Goodbye Girls

After six seasons, Girls is ending. This show about self-discovery, friendship and love has been an instrumental part of my life since the beginning of 2012. It is our generation's Sex and the City; though nothing can ever truly replace Carrie Bradshaw and Mr. Big, Girls was a more raw and unapologetic approach to womanhood in the 21st century. This show is the ‘voice of our generation,’ to say the least.

The creator and one of the four stars, Lena Dunham, created a show that brought forth conversations that needed to be addressed. In its first season alone they also touched on sexual harassment and STD’s taboo topics that I had yet to hear about honestly on television. The second episode featured Jessa, played by Jemima Kirke, preparing to get an abortion. With her friends by her side, they were in it together. That’s what I truly love about the series, the bond between the women. Though all different in every aspect–their jobs, their financial status and their romantic relationships–they still had this ability to come together and support one another.

It’s not to say that the show didn’t have it’s own set of issues. The feminism portrayed is not intersectional. The series began when the term feminism started to be uttered daily. It is the epitome of third-wave feminism with dialogue and actions wanting to spill over into the fourth-wave. The lack of minority characters could not be fixed by a few dates with a black actor, and there is a sense of entitlement. Four white and cisgender women could not, and did not try to accurately portray the issues of colored women, classes they did not belong in, or the LGBTQ+ community. And as a self identifying intersectional feminist, I can appreciate that.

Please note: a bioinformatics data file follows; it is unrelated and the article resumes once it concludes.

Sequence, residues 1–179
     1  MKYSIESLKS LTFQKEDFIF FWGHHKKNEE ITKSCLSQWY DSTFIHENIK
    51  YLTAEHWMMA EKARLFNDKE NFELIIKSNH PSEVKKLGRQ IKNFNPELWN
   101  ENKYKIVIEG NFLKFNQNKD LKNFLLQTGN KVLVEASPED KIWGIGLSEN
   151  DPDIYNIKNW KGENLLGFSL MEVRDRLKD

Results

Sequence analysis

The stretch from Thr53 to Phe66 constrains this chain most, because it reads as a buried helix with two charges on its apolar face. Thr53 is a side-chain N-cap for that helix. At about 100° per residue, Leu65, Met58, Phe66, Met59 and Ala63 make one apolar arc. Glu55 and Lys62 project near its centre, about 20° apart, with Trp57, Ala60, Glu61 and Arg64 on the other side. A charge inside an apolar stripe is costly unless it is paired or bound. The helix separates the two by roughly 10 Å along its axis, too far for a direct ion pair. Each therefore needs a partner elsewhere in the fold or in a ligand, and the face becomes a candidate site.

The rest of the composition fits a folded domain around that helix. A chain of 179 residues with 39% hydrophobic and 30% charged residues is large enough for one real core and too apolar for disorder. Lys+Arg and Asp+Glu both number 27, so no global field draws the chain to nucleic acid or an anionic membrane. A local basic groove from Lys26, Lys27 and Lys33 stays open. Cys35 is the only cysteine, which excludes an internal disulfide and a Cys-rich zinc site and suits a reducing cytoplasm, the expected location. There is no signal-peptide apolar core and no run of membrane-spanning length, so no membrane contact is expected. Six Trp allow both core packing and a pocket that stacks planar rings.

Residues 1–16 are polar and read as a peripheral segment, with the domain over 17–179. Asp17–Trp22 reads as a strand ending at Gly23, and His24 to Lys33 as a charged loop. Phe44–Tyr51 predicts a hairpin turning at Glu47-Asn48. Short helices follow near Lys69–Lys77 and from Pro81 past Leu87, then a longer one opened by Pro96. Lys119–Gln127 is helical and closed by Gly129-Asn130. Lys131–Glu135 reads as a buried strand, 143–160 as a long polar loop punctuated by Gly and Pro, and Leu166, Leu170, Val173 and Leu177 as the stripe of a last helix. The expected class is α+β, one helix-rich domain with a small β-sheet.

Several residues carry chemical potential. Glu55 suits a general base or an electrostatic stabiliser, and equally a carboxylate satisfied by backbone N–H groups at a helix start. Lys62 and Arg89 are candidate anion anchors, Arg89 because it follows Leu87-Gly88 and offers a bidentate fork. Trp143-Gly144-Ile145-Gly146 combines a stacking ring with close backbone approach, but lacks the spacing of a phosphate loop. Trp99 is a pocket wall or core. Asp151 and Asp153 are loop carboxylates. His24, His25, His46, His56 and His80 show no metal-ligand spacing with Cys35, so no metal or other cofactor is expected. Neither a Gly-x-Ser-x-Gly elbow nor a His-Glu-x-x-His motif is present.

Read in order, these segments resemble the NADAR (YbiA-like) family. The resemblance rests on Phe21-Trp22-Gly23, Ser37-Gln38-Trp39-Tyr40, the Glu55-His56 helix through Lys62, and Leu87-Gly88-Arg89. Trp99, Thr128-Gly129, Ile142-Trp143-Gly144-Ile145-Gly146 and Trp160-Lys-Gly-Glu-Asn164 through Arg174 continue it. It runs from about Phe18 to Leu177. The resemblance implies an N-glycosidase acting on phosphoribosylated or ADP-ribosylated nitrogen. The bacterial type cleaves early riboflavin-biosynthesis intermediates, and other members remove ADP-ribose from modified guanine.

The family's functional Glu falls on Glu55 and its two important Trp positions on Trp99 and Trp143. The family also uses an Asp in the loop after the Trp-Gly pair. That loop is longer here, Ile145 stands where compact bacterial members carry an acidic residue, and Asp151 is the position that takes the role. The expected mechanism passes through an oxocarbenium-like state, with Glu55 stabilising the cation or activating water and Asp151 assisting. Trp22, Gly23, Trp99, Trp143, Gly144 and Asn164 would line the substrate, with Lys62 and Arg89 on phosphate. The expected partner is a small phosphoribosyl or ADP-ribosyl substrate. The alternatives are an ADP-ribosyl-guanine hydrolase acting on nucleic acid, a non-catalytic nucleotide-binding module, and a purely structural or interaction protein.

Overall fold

A stride that the show did make in its time on the air was the inclusion of body positivity. Nudity is important to the show and its cultural landscape. It started a conversation outside of just the viewers. Dunham’s female body was one not typically seen on screen but one seen in real life and acknowledges that sex is typical for any size body.

As I tuned in each week, I was able to learn about the normality of not exactly knowing where one is supposed to end up in life. These girls are not perfect and they don’t try to be; they are self-sabotaging and have made mistakes, but they are also smart. They knew when it was time to say goodbye to a job that was holding them back, goodbye to men who made them feel horrible and goodbye to accepting less–of themselves and others. They’ve grown throughout the series and as hard as it is for me to say goodbye, I’m proud to say that I’ve grown with them.

Hannah, Jessa, Marnie and Shoshanna navigated life and New York “one mistake at a time” and reminded me that “all adventurous women do.”

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